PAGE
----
Ashe fired up af­ter his fi­nal chance went up in smoke

Promis­ing No.8 be­lieves end-of-sea­son set­back will in­spire him to greater things

The Herald - Sport - - RUGBY UNION - STU­ART BATH­GATE

SOME­TIMES a sin­gle set­back can teach you more than a string of suc­cesses. That, at least, is the con­clu­sion Adam Ashe be­lieves he can take from be­ing left out of the Glas­gow squad for the PRO12 fi­nal last month.

Af­ter mak­ing his Test de­but on last year’s sum­mer tour, the 21-year-old es­tab­lished him­self this sea­son as one of the most promis­ing mem­bers of Vern Cotter’s Scot­land team. The same could be said of him at the War­riors, where his dy­namic per­for­mances at No.8 seemed to have ce­mented his claim to be an al­most au­to­matic pick.

When it came to the fi­nal against Mun­ster, how­ever, Gre­gor Townsend thought dif­fer­ently, omit­ting Ashe from the squad al­to­gether. It was not the first time that the coach had made a sur­pris­ing team se­lec­tion – and not the first time, ei­ther, that he was wholly vin­di­cated, as his pre­ferred back row of Rob Har­ley, Josh Strauss and Ryan Wil­son played a vi­tal role in the 31-13 vic­tory.

In public, Townsend had ex­plained when an­nounc­ing his team that he had opted for max­i­mum phys­i­cal­ity, and omit­ted to crit­i­cise Ashe. In pri­vate, he told his No.8 that he thought he had fallen just short of top form over the pre­ced­ing cou­ple of games.

If there had in­deed been a slight de­cline, it was one which many lesstu­tored eyes than Townsend’s had failed to spot. But Ashe has now taken on board the les­son that, at the high­est level of rugby, even a mi­nor loss of form can be enough to make you lose your place.

“It was a tough time for me, ob­vi­ously play­ing in the semi-fi­nal and then miss­ing out for the fi­nal,” he said ear­lier this week at the na­tional squad’s train­ing camp in Font Romeu. “Gre­gor spoke to me and gave his rea­sons why. I’ve just got to use it as a learn­ing ex­pe­ri­ence: at Glas­gow now you’ve got to be at the top of your game ev­ery time you pull the shirt on.

“Gre­gor ob­vi­ously went for a dif­fer­ent mix for that par­tic­u­lar game, hav­ing a seven (Chris Fusaro) on the bench and Ryan in at open­side. You just have to roll with it, I sup­pose. Gre­gor spoke to me and said he felt my form had dipped slightly in the cou­ple of pre­vi­ous games. It didn’t drop a lot, but just two or three per cent was enough for him to make the de­ci­sion on that oc­ca­sion.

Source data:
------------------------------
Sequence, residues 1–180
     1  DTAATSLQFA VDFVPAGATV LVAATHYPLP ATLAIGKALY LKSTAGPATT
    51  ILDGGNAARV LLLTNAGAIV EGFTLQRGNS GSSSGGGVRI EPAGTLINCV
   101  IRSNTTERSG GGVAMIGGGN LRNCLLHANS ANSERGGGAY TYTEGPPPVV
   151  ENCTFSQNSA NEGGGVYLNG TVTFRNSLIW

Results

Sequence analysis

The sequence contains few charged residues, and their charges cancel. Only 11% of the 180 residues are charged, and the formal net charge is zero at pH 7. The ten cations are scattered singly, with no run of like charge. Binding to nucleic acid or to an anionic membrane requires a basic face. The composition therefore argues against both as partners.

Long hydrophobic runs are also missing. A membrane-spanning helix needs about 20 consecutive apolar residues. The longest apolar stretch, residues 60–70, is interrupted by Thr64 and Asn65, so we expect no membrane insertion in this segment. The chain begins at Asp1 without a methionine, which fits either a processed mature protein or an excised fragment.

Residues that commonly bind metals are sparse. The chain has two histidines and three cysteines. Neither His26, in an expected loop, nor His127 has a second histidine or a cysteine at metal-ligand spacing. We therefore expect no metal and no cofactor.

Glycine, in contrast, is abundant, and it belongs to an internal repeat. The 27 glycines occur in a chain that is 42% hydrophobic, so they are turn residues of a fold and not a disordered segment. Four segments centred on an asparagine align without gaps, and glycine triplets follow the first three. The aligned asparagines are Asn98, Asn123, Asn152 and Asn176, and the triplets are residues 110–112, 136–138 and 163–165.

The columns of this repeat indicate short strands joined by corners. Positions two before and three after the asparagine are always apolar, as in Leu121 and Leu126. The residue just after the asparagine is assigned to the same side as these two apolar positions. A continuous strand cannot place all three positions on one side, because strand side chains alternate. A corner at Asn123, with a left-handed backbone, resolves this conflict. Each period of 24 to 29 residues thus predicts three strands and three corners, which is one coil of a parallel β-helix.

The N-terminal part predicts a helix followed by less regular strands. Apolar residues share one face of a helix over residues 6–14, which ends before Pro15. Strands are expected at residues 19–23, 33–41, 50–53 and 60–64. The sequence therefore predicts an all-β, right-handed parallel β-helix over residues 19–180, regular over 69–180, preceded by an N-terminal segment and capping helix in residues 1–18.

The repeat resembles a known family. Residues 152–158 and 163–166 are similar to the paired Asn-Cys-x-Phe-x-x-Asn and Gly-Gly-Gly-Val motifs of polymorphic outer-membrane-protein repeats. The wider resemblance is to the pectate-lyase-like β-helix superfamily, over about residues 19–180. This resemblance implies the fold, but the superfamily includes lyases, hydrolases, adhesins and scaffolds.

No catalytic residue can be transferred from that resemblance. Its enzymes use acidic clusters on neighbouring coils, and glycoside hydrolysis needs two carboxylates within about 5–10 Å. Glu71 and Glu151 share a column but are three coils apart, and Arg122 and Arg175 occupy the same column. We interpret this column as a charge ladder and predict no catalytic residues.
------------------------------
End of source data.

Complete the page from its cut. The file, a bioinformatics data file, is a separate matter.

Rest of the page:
“A lot of peo­ple said to me it was a harsh de­ci­sion in some ways, but that’s how it goes. Some peo­ple are go­ing to miss out and be dis­ap­pointed.

“You’ve got to put the team first in these sit­u­a­tions. You want them to win and do well – and they did. We all played our part in get­ting us there.”

It is a les­son Ashe hopes will help him keep his place in the squad for the Rugby World Cup when the num­bers are cut from 46 to 31 at the start of Septem­ber. He is one of nine listed as back-row play­ers, although Har­ley, in­cluded with the locks, will also be among the com­pe­ti­tion.

And, no mat­ter how much the week in France was about learn­ing to work well to­gether as a group, that com­pe­ti­tion will keep ev­ery­one on their toes as the count­down to the World Cup con­tin­ues back at BT Mur­ray­field. “We’re a team and we all get on pretty well, but at the end of the day you’re com­pet­ing with guys around you,” Ashe added. “We’re all push­ing hard in­di­vid­u­ally, but ul­ti­mately some peo­ple are go­ing to make it and some aren’t.

“It’s cer­tainly tough work,” he con­tin­ued when asked about the camp in the Pyre­nees. “It’s been en­joy­able: we’ve had some tough times, but at the same time there’s al­ways been light at the end of the tun­nel. For in­stance we climbed a hill, but then at the end of it we had a bar­be­cue, which was good fun. It’s a lot eas­ier when ev­ery­one around you is putting the work in as well.

“He (Cotter) knows that ev­ery other coun­try pre­par­ing for the World Cup will be do­ing the same kind of thing, so it’s about go­ing that ex­tra yard to achieve gains in front of them. It’s all for a pur­pose and ev­ery­one wants it.”

That sur­prise omis­sion by Glas­gow has made Ashe want it all the more. But the War­riors’ win in Belfast has also pro­vided pos­i­tive en­cour­age­ment, by prov­ing to a pre­vi­ously suc­cessstarved group of play­ers that Scot­tish teams can emerge vic­to­ri­ous on the big oc­ca­sion.

“For us to win the PRO12 and Ed­in­burgh to get to that Euro­pean (Chal­lenge Cup) fi­nal is fan­tas­tic. It does a lot for the coun­try, gives ev­ery­one con­fi­dence and tells us that we’re up there at club level so why can’t we be up there at na­tional level? Hope­fully we can use that go­ing into this cam­paign.”

STOK­ING THE FLAMES: Back-row Ashe was dis­ap­pointed to be dropped for the PRO12 fi­nal but in­sists it will mo­ti­vate him

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